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Special type of singleton needed

P: n/a
I need to design a class that meets the following requirements:

-the class may not have more that one instance;
-the instance needs arguments for initialization;
-accessing the instance must not require any arguments;

Any ideas and comments are welcome.

Jul 23 '05 #1
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11 Replies


P: n/a

BigMan wrote:
I need to design a class that meets the following requirements:

-the class may not have more that one instance;
-the instance needs arguments for initialization;
-accessing the instance must not require any arguments;


How do you plan to provide the arguments? It's of course easy
to provide a static setArguments(...) method for your Singleton
class which you must call before calling the canonical
static Singleton& getInstance().

The private ctor/public static getInstance pattern guarantees
your first and third conditions, but there's no way to enforce
at compile time that setArguments is called. At best you can
throw from getInstance().

HTH,
Michiel Salters

Jul 23 '05 #2

P: n/a
BigMan wrote:
I need to design a class that meets the following requirements:

-the class may not have more that one instance;
-the instance needs arguments for initialization;
-accessing the instance must not require any arguments;

Any ideas and comments are welcome.


class myClass
{

private:
static myClass *_instance;
int pID;
protected:
public:
myClass(int processID) :pid(processID){
}
static myClass* Instance (int processID) {
try {
_instance = new myClass(processID)
return _instance;
}catch (...)
{
}
}

static myClass* Instance () {
return _instance;
}
};

int main()
{
myClass *OBJ = myClass::Instance(10003);
//
//
//
}

hope this is what you are looking for.

Jul 23 '05 #3

P: n/a
BigMan wrote:
I need to design a class that meets the following requirements:

-the class may not have more that one instance;
-the instance needs arguments for initialization;
-accessing the instance must not require any arguments;

Any ideas and comments are welcome.


class myClass
{

private:
static myClass *_instance;
int pID;
protected:
public:
myClass(int processID) :pid(processID){
}
static myClass* Instance (int processID) {
try {
_instance = new myClass(processID)
return _instance;
}catch (...)
{
}
}

static myClass* Instance () {
return _instance;
}
};

int main()
{
myClass *OBJ = myClass::Instance(10003);
//
//
//
}

hope this is what you are looking for.

Jul 23 '05 #4

P: n/a
BigMan wrote:
I need to design a class that meets the following requirements:

-the class may not have more that one instance;
-the instance needs arguments for initialization;
-accessing the instance must not require any arguments;

Any ideas and comments are welcome.

That's very easy, you will just use a static data member.


--
Ioannis Vranos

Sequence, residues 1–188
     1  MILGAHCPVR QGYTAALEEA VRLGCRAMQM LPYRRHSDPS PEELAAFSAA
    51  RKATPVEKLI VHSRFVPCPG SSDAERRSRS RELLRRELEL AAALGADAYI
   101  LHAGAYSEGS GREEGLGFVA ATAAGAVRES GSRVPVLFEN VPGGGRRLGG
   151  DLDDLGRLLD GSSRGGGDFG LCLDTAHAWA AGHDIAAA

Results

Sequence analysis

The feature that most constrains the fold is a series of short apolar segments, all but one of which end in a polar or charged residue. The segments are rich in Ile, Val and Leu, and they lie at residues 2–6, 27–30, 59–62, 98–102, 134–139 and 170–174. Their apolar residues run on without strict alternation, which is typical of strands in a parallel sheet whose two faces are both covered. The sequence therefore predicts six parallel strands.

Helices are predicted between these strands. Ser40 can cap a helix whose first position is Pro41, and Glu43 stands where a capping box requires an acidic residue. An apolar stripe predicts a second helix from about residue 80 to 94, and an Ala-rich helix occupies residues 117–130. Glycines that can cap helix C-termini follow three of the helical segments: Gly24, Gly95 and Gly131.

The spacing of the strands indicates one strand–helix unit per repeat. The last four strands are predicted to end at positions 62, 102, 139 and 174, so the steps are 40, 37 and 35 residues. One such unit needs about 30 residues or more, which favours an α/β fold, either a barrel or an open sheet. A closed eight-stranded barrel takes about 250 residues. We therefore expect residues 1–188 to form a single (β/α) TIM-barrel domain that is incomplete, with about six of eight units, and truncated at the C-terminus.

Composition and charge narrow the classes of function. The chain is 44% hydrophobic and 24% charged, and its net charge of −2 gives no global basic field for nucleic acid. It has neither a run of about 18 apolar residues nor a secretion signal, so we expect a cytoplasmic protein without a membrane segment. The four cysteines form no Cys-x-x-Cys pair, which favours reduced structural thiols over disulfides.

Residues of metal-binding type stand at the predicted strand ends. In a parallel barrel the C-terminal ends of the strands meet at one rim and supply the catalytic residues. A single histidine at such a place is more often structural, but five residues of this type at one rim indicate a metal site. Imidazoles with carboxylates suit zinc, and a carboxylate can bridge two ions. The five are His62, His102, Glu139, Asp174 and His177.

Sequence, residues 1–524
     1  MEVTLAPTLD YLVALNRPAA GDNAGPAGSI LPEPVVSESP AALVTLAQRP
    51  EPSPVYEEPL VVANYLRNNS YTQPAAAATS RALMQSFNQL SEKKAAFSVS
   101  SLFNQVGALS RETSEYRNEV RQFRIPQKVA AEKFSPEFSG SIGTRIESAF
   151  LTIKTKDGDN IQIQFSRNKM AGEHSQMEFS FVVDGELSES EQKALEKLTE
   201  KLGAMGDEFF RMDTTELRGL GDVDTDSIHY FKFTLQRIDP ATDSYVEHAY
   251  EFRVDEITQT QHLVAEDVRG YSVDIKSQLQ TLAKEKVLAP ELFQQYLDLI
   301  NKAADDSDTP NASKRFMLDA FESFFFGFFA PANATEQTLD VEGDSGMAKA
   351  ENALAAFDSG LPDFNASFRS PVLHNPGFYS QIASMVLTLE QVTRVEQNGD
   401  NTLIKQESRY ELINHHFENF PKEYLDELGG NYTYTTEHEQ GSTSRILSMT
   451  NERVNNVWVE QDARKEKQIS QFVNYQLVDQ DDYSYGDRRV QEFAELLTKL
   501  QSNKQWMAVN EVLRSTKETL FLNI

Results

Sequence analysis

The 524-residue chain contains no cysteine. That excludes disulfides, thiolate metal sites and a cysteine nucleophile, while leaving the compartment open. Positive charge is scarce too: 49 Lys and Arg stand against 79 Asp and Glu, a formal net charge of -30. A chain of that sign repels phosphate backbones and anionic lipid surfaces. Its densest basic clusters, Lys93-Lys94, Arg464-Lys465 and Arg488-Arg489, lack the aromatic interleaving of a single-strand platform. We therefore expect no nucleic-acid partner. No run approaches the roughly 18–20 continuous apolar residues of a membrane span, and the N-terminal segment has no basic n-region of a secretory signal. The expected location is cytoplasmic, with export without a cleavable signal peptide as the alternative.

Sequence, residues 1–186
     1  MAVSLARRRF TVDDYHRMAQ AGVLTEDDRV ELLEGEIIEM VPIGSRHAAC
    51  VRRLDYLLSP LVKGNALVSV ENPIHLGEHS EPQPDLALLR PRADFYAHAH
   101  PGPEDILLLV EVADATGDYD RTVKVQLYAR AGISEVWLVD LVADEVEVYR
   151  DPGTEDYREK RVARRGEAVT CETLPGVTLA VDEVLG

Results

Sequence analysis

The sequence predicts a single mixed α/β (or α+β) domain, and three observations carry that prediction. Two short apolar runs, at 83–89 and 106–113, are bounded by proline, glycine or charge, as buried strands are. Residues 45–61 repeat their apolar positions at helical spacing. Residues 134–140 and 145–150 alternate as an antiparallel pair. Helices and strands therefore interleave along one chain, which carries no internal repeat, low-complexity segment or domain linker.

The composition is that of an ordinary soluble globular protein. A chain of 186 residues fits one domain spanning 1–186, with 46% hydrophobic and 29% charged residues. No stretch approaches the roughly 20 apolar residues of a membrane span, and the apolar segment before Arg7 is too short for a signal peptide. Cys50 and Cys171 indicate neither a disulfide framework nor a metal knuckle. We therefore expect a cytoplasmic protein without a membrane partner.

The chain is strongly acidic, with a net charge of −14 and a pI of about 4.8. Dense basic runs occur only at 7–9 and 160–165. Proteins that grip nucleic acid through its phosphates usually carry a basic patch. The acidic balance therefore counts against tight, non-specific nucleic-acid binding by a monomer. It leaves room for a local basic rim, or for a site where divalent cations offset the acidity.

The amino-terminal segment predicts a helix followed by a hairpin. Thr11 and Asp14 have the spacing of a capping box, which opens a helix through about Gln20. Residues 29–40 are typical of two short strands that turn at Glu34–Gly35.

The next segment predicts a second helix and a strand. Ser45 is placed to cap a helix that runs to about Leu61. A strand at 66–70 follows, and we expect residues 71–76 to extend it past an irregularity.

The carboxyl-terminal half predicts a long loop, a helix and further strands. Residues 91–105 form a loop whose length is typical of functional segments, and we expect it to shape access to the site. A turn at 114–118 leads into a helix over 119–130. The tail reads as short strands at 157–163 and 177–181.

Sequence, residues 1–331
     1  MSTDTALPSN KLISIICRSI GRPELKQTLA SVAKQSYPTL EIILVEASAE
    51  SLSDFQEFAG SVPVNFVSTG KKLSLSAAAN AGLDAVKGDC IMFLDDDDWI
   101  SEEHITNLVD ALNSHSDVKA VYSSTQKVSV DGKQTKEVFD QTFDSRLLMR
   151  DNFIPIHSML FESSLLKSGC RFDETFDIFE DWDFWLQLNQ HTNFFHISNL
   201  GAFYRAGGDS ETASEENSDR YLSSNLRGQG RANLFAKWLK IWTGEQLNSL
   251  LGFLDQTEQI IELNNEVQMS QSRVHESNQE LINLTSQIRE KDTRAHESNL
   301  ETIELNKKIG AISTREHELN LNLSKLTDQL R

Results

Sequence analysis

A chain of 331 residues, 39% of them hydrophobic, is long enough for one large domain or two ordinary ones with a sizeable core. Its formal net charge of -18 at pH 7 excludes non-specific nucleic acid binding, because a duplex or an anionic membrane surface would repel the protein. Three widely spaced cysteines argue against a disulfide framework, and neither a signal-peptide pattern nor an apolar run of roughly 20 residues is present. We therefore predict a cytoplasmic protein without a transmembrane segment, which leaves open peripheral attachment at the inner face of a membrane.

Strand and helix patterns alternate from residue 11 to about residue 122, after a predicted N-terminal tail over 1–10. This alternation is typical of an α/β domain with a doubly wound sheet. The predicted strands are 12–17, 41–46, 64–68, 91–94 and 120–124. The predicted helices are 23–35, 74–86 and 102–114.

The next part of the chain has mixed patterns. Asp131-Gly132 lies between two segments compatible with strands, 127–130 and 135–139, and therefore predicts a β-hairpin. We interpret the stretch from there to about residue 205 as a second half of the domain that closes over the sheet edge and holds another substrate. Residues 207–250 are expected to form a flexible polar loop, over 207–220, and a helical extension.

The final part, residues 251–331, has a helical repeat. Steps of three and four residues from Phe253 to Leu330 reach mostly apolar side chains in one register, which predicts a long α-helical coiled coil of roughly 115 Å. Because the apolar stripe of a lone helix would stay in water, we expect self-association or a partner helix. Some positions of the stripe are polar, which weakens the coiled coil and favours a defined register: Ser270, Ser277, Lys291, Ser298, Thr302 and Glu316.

http://www23.brinkster.com/noicys
Jul 23 '05 #5

P: n/a
Could you please provide us with some code to demonstrate your idea?

Jul 23 '05 #6

P: n/a
BigMan wrote:
Could you please provide us with some code to demonstrate your idea?


class SomeClass
{
static SomeClass obj;

// The rest of your code

public:
SomeClass(int) { /* ... */}
};

SomeClass SomeClass::obj(4);
or
class SomeClass
{
static SomeClass *p;

// The rest of your code

public:
SomeClass(int) { /* ... */}
};

SomeClass *SomeClass::p= new SomeClass(4);

--
Ioannis Vranos

http://www23.brinkster.com/noicys
Jul 23 '05 #7

P: n/a
OK, I can make at least 2 instances of SomeClass. Here's how:

SomeClass Instance1( 1 );
SomeClass Instance2( 2 );

And hence this is not a singleton.

Jul 23 '05 #8

P: n/a
BigMan wrote:
OK, I can make at least 2 instances of SomeClass. Here's how:

SomeClass Instance1( 1 );
SomeClass Instance2( 2 );

And hence this is not a singleton.



Make the constructor private. I did not provide a complete solution but
only a way to start. Because it looks like a homework, that's why.
class SomeClass
{
static SomeClass *p;

private:
SomeClass(int x)
{
// Process x
}

// The rest of your code

};
SomeClass *SomeClass::p= new SomeClass(4);

--
Ioannis Vranos

http://www23.brinkster.com/noicys
Jul 23 '05 #9

P: n/a

BigMan wrote:
OK, I can make at least 2 instances of SomeClass. Here's how:

SomeClass Instance1( 1 );
SomeClass Instance2( 2 );

And hence this is not a singleton.


Please include quotes with your post to provide context for your
replies.

Brian

Jul 23 '05 #10

P: n/a
OK, this is all fine. There is, however, one minor peculiarity: I must
initialize the object in the main function.

Jul 23 '05 #11

P: n/a
BigMan wrote:
OK, this is all fine. There is, however, one minor peculiarity: I must
initialize the object in the main function.

class SomeClass
{
static SomeClass *p;

static bool activated;

int x;

SomeClass(int newValue):x(newValue) {}
public:

static void initialise(int newValue)
{
if(!activated)
{
p= new SomeClass(newValue);

activated=true;
}
}

// The rest of your code

};
SomeClass * SomeClass::p= 0;
bool SomeClass::activated= false;
int main()
{
SomeClass::initialise(4);
}


That's the last piece of code that I provide. If you do not try
yourself, how will you learn?


--
Ioannis Vranos

http://www23.brinkster.com/noicys
Jul 23 '05 #12

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